With a water meter, you can easily see how much water you are consuming and the direct effect that has on how much you pay. However, it’s a little trickier to gauge what you should be paying if your property is unmetered.
Using supplier Southern Water as an example, the assessed usage is based on the number of persons in the property.*
If you’re still confused, take a look at our guide to see what is the average water bill per monthto give you an idea of whether you’re paying too much.
‘If you’re looking at your bill and it’s significantly more than you would expect, then it’s time to have a good look at the breakdown of your bill and your water usage habits. It’s helpful to know what impact your various forms of water usage have to your bill’s total, he adds.’
‘Our average user consumes about 128 litres a day,’ says Simon Fluenty from Southern Water. ‘Based on the charge per litre for metered properties of £1.487 per cubic metre, that comes out as 1.5p a litre. An average bath is estimated at around 80 litres so that’s about £1.19 per bath.’
If your usage habits don’t realistically reflect your water consumption on your bill, then it’s time to check whether you have a leak. Leaks can occur both inside and outside a property.
One way of checking whether you have a leak problem is to turn off all the taps in your home, including the internal stop, and take a reading from your water meter. Then wait. You want to see if the water meter reading changes over time without you having used any water within your home.
The longer you can leave this, the better. If you’re heading out for the day, then that’s a good opportunity to leave everything off for a few hours and check on the levels upon your return. If the reading has gone up from when you turned it off, then you potentially have a leak.
You should get in touch with your supplier and they’ll talk you through the next steps. These might include a visit from the suppliers’ engineering and works team.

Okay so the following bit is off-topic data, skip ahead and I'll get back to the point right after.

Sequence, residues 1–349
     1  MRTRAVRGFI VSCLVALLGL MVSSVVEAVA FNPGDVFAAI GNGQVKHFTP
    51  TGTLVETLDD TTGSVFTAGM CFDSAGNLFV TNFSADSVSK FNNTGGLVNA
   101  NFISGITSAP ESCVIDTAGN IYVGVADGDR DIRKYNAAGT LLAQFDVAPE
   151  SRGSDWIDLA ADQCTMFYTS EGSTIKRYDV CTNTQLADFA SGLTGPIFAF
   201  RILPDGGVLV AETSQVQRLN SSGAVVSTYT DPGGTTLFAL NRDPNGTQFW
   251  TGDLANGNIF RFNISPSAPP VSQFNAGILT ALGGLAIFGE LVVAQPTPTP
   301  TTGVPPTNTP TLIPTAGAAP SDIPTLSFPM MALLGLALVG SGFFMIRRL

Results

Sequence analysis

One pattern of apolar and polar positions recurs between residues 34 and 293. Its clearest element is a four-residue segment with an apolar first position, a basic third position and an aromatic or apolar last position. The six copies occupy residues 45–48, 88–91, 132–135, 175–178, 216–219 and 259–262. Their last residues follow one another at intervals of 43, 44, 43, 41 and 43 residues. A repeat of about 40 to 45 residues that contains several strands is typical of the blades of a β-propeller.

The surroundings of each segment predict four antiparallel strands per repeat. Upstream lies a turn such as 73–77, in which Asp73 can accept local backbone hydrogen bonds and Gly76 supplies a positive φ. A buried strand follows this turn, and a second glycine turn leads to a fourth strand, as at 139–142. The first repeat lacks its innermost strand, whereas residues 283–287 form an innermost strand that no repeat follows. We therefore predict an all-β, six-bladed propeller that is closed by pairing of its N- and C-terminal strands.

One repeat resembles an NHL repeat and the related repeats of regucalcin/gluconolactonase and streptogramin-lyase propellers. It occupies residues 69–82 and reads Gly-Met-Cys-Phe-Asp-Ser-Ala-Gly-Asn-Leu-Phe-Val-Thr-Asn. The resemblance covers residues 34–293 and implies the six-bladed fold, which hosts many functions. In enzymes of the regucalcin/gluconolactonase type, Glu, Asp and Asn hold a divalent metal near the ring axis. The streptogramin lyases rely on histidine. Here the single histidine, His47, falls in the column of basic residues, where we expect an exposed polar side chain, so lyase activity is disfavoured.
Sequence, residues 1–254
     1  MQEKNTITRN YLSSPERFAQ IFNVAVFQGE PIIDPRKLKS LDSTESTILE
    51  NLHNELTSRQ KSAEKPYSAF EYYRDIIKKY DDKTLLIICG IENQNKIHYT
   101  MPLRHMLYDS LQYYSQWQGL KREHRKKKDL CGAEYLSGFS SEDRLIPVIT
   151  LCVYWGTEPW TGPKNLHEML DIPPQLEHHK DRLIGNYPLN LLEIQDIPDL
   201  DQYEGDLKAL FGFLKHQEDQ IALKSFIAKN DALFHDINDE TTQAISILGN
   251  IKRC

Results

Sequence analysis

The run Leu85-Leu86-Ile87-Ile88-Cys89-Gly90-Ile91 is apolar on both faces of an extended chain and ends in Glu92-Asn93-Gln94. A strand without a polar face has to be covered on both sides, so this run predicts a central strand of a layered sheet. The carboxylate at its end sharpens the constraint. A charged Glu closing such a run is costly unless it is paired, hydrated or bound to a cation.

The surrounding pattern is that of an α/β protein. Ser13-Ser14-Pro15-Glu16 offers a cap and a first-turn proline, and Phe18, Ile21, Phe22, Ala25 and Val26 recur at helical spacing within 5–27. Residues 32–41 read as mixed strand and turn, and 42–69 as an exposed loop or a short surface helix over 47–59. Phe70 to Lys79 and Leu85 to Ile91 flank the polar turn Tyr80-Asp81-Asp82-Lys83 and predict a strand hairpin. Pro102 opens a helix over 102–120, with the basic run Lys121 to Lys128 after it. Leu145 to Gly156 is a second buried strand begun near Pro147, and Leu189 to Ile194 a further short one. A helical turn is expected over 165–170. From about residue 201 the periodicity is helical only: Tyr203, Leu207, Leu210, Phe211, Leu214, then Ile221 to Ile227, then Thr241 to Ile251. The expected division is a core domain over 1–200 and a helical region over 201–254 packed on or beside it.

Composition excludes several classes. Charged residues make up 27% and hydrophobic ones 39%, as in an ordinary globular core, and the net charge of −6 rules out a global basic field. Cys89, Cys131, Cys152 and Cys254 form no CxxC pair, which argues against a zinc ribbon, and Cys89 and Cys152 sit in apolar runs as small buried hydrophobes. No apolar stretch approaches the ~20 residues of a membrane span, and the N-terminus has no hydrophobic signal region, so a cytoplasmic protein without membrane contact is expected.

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Should I get a water meter?
‘Many customers find they can make big saving on their water bills by just switching to a meter,’ says Andrew from the Consumer Council for Water. ‘As a general rule, if you have more bedrooms in your house than people living there, then there’s a very good chance you will save money with a meter.’
‘If in doubt, take a look at our water meter calculator – it can help you identify if a meter is right for you and how much you might save based on the way you currently use water in your home,’ suggests Andrew.
‘In most cases, you even have up to two years to switch back to unmetered charges if you find you aren’t benefitting from the meter,’ he adds.
The location of your water meter depends on the age and location of your property. Recently built homes may have the water meter located under the kitchen sink or perhaps in a garage. More commonly though water meters are to be found outside, near to your property.
Check any path leading to your front door, your driveway or on the pavement for a small metal or plastic cover. These can typically be identified by having the name of your water supplier written on them or by being marked with the word ‘water’ (or just the letter ‘w’).
You might need a screwdriver or similar tool to open the cover. When you lift the lid or cover, you might find that there’s an inner protective layer made of polystyrene or foam rubber. It’s there to protect the meter from frost and debris. Remove this and you’ll find the meter below. But don’t forget to put this layer back once you’re finished taking your reading!
When reading the meter make sure that it is free of any dirt or water so that the digits are clearly visible. The display itself can be digital or mechanical. They both do the same thing – showing how much water you have used in cubic meters (m3).
For the purposes of your reading, you should only take note of the numbers before the decimal point (if you have a digital meter). If you have a mechanical meter you should only take note of the black digits – ignore the numbers coloured red.
You may want to take a photo of your meter on your phone at the time of taking a reading. The photo will have a date and time associated with it on your phone – which could be useful if you have a dispute and need to refer to it later. You can then submit your meter reading online via your account page or through a smartphone app.
The simplest way to pay your water bill is to set up a direct debit with your bank. However you can also choose to pay directly via your online account. Most major credit or debit cards are usually accepted.
Just log in to your account page where you can keep track of your usage, previous statements and payments. There will usually be a section called ‘Pay your bill’. Click on this and fill in your card details.
A smart water meter automatically tracks the amount of water you’re using in real time. This allows you to keep an eye on your consumption. It also allows you and the water supplier to monitor any leaks you might have at your property.